Writing literature for the improvement and benefit of nonhumans isn’t some boutique issue, especially when we consider how animal farming is altering our climate and damaging our health and environment. Even for those who cannot intrinsically value nonhumans as ends in themselves, they should recognize that our fate is bound up firmly with their well-being.

A human future that does not acknowledge the injustices done to nonhumans cannot be rosy. Thankfully, a growing body of thinkers, literary and non-literary alike, is increasingly in agreement with political theorist John Sanbonmatsu who writes,

“A Left or socialist politics which does not place our enslavement of other beings at its center, conceptually and politically, cannot possibly succeed: ‘speciesism’ is not merely one more ‘ism,’ but in fact lies at the root of every form of social domination.”

Indeed, Giorgio Agamben goes so far as to insist that the ways we conceive of nonhumans has for centuries been at the heart of all political oppression.

As with the rest of mainstream culture, there is in this eco-centric literature a general disavowal of the suffering of nonhumans despite the seventy billion who are killed each year (trillions if we consider the annual slaughter of sea creatures) for meat, jackets, fur collars, handbags, watchbands, hats, shoes – all commodities unnecessary for, and in fact detrimental to, our health and mental well-being. The rare animal who rises to the status of an individual by such authors is generally a domestic pet or a rescued farm animal.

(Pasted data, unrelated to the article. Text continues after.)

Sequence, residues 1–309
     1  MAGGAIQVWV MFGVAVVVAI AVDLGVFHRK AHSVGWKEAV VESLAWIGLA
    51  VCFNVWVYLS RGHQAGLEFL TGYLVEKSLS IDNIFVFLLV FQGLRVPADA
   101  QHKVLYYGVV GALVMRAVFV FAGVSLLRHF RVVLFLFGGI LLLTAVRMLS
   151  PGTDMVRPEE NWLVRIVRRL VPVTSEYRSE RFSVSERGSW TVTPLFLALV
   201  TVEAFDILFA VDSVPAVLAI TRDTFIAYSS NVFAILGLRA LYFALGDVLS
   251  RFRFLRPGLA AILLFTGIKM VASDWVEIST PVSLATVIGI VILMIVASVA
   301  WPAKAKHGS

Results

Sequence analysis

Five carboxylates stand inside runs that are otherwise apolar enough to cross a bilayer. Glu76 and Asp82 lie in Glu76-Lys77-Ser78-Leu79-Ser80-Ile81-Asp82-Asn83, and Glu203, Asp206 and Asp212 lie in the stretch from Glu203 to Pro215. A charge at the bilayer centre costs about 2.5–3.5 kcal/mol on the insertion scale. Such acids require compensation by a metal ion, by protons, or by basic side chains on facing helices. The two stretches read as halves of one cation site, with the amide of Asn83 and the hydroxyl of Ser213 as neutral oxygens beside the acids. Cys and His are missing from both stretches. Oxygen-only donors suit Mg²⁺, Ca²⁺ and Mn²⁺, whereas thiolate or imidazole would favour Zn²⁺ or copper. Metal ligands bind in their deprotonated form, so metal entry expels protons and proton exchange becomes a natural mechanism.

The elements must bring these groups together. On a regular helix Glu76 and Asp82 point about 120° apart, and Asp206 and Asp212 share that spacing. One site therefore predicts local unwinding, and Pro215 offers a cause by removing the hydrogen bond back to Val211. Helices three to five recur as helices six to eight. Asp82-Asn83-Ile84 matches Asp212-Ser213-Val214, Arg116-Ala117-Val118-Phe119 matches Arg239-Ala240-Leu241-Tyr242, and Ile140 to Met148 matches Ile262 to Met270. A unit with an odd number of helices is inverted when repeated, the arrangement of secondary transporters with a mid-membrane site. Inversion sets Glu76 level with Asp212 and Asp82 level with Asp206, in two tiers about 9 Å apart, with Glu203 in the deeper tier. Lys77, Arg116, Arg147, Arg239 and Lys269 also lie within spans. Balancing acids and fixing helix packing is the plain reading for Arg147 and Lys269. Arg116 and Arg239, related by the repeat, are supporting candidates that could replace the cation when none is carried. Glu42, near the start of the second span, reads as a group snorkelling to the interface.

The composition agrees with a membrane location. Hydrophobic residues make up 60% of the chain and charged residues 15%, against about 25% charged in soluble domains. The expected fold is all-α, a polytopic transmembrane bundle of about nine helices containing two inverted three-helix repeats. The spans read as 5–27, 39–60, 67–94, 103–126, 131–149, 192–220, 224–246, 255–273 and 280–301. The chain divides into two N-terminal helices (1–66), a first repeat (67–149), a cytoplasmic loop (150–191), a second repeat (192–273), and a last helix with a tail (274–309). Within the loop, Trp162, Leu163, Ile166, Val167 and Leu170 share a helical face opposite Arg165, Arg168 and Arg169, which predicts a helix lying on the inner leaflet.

Rather than coldly expressing concern over animals as populations, we should, in the words of philosopher David Sztybel be “’hot’ for the individual animal.”[3] This new literature does this. And none too soon. Now that we are living through the sixth mass extinction since multicellular life rose on the earth a billion years ago, an extinction caused in great part by animal farming, an extinction, what’s more, that is nearly invisible to us, it’s time we begin to think of literature as a force that can benefit nonhumans too. A zoopoetic literature, which is sometimes straightforwardly veganic, is being written for the benefit of all sentient beings, not just as populations but as individuals, as individuals with bodily and mental sovereignty.